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Children of the Corn is a 1984 American horror film based on Stephen King's 1977 short story of the same name.

It was directed by Fritz Kiersch and starred Peter Horton, Linda Hamilton, R.G. Armstrong, John Franklin and Courtney Gains.

PlotEdit

Spoiler warning: The following contains plot details about
the entire movie.

In the fictional town of Gatlin, Nebraska, Job, a small child who is a resident of the town, tells the story of how the town became a haven for a group of young cultists. The economy of the town is mostly agricultural and the town is surrounded by vast cornfields. One particular year the corn crop fails and the people of Gatlin turn to prayer in an attempt to ensure a successful harvest.

A 12-year-old young boy, Isaac Chroner, takes all the children of Gatlin into a cornfield and preaches to them about the prophecies of a strange, bloodthirsty incarnation of the Abrahamic God called "He Who Walks Behind The Rows". Isaac, through his 17-year-old lieutenant Malachai, leads the children in a revolution, brutally killing all of the adults in the town. Over the ensuing years, the children take any adults passing through as sacrifices.

Three years later, Vicky and her boyfriend Burt pass through Nebraska while driving cross-country to Burt's new job as a physician in Seattle, Washington. As they travel in their car they hit a small boy out on the highway, one of the Gatlin children who tried to escape the iron hand of the syncretistic death cult.

After inspection of the boy's body Burt determines that the child had his throat slit before being hit by the car and had stumbled on to the road from inside the cornfield. They take the blood-soaked suitcase as evidence, load the body in the trunk and set out to find the nearest telephone to call for help.

Pulling into a rundown service station, they encounter an old man who refuses to help due to his secret agreement with the children to supply them with oil and gasoline in exchange for his life. However, Malachai breaks the pact against Isaac's will and murders the old man and his dog once Burt and Vicky leave.

Vicky and Burt finally end up in seemingly abandoned Gatlin. The two enter a small diner hoping to find a phone, but find that the diner is abandoned and strewn with dead corn leaves. While searching an abandoned house, the two encounter Sarah, who explains that she is hiding from Isaac and Malachai.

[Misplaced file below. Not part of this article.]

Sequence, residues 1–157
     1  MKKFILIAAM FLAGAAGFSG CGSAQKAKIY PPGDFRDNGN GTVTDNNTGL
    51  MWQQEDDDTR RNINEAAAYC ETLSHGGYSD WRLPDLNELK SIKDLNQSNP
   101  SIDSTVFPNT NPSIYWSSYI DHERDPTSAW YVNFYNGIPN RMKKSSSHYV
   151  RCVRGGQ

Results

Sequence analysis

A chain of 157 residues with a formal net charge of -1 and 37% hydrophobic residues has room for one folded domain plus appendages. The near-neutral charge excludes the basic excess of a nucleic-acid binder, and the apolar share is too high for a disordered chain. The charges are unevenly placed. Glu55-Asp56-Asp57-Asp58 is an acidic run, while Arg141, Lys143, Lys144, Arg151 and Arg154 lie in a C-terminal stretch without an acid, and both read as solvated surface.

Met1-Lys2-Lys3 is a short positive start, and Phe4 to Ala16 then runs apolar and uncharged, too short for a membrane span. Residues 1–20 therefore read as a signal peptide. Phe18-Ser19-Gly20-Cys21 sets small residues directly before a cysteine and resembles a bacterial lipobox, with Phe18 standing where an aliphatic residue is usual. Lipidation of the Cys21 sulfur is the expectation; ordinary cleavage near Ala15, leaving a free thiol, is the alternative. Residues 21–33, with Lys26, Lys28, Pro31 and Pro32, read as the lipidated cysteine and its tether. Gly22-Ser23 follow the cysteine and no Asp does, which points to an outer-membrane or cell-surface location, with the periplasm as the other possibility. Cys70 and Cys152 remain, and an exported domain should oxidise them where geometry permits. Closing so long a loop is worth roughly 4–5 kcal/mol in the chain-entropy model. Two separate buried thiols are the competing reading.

Burt asks Vicky to stay with Sarah in the house and goes on foot into town to continue searching for a phone. He finds that most of the buildings are in a state similar to the diner; rundown and strewn with corn leaves. Even the school and the town hall are abandoned, with various lines from Isaac's sermons written on the walls in blood.

Meanwhile, at the house, Vicky is ambushed by Malachai and a group of followers, led to her location by the parked car Vicky and Burt came in. Vicky is captured and brought to a clearing in the cornfield where she is lifted onto a cross, ready to be sacrificed.

Downtown, Burt enters the church to find a congregation of children performing a birthday ritual for an older teenager, in which a pentagram is cut into the boy's chest and his blood is consumed by the congregation. The girl named Rachel leading the ritual tells Burt about He Who Walks Behind The Rows, and about the ritual: that it is a preparation for the ritual sacrifice of a child who has grown to adulthood.

Burt is attacked by the girl and flees the church. He is chased through the town and is rescued by Job, who stops him and beckons for him to hide in the fallout shelter built by the siblings' father, now deceased. While caring for Burt, Job and Sarah tell him that Vicky has been taken hostage by Malachai.

Meanwhile, in the clearing, Isaac scolds Malachai for breaking the pact with the old man, whose gasoline is needed by the children. However, Malachai and the others have grown weary of Isaac's arrogance. Assuming command over the children, Malachai orders for Isaac to be sacrificed in Vicky's place. A furious Isaac warns them that they will all be punished for this affront, as by sacrificing him, they will have broken their covenant with He Who Walks Behind the Rows.